A Sunny Day in Glasgow
A Dream in Sound
by Kevin J. Elliott

With a record as gorgeous and epic as last year’s Agit favorite, Ashes Grammar, it’s hard not to psychoanalyze its creator in order to find some deeper meaning, some sense of purpose as to why and how it was made. A Sunny Day in Glasgow, a band that claims Philadelphia as its most stable home, started as the bedroom project of Ben Daniels. Once Daniels realized he needed vocals to flesh out the pop songs he envisioned, he quickly recruited his twin sisters, Robin and Lauren, into the fold and began fully realizing the dreamy mix of pop, ambience and shimmering soundscapes swirling around in his head. The band’s 2006 debut, Scribble Mural Comic Journal, certainly sounded like an amorphous blend of those tropes, but may have been too slight, layered beyond cohesion and ultimately not taking hold of the listener despite some breathtaking moments. In comparison, Ashes Grammar is that colorful, textural, fever dream for which Daniels has been searching from the beginning, one that inhabits a space somewhere between the ethereal gauze of the Cocteau Twins, the glowing guitar waves of My Bloody Valentine, and the shape-shifting minimalism of electronic artists like the Field and Fennesz. But even as expansive and seemingly comprehensive as Ashes Grammar sounds, there are plenty of loose ends, patterns that blur in the horizon, and unformed thoughts that suggest Daniels’ journey is far from over.

Daniels’ sisters left the band before Ashes Grammar, but Annie Fredrickson came on board in time for the recording. When it came time to take the record on the road, longtime fan Ryan Newmeyer joined as bassist and Adam Herndon came on to play drums, while Jen Goma was recruited to sing through an open-call for recorded submissions. In fact, in talking with Daniels and guitarist Josh Mekam before a recent show in Columbus about topics as varied as psycho-geography and the profound influence of Led Zeppelin, I found that A Sunny Day in Glasgow is still a constantly evolving band, recording new material and ideas whenever and wherever they bloom and synthesizing all of these wild muses into a transcendental blur of pop.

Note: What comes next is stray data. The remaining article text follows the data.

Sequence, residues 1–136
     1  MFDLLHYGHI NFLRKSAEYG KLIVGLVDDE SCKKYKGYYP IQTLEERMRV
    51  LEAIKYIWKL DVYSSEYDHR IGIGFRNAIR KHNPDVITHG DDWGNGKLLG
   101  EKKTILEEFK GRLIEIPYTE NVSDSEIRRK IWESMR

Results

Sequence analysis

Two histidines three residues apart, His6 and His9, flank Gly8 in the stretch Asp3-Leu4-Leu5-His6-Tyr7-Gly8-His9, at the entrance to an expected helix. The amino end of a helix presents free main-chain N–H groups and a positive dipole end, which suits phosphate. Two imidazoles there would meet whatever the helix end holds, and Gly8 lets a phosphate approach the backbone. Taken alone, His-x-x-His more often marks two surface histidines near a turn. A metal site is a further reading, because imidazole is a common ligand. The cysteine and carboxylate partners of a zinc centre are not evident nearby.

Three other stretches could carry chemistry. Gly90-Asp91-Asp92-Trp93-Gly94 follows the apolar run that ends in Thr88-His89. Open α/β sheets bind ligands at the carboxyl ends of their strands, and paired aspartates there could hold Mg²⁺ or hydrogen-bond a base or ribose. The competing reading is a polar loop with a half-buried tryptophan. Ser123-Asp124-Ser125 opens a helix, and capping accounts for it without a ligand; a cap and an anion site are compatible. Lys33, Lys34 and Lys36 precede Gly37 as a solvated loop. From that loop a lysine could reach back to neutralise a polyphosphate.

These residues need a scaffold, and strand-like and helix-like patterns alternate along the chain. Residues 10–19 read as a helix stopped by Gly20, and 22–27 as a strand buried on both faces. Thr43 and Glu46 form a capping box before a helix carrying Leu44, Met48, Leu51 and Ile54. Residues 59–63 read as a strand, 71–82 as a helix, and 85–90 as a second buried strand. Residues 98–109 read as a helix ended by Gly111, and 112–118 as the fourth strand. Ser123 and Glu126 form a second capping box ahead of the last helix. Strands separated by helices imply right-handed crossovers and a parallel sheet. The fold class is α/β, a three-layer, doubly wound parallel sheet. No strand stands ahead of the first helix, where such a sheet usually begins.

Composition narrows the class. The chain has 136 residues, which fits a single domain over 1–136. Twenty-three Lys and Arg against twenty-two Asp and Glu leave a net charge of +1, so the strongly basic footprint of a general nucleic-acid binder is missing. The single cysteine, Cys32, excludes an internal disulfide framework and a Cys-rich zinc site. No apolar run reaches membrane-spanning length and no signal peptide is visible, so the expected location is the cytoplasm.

Given that your albums are filled with a number of ambient pieces, noisy fragments, and decorative interludes, would you consider yourself more of a composer than a songwriter? I guess what I’m asking is do you feel more comfortable experimenting with sounds or sitting around writing a skeleton of a melody first?

Ben Daniels: It’s half and half, maybe more experimenting with sound.

Josh Mekam: At least that’s how it was with this record. It started off with Ben writing songs and being the core, making demos. He had these skeletal ideas and we took them to the studio and fleshed them all out, and that’s where we did all of the experimenting.

I think that even when you have something that resembles a song, like “Close Chorus” or “The White Witch,” you tend to obscure those melodies even more than the blatantly abstract material. Is this a conscious effort when you are recording? Do you think the melodies become more profound when the listener really has to dig for them?

BD: It’s not such a clear thought as that. You go into the studio and try things, and if it works, you follow that path.

JM: As cheesy as it sounds, we were just trying to make a record that we liked. There were songs that we mixed as straightforward pop songs at first, but then we’d throw reverb on the whole track. Maybe it’s because with this one we were trying to appeal to fans of the last album, but at the same time move in a direction of recording pop songs. We were listening to a lot of ambient and electronic music at the time, so it’s hard not to have your influences seep in.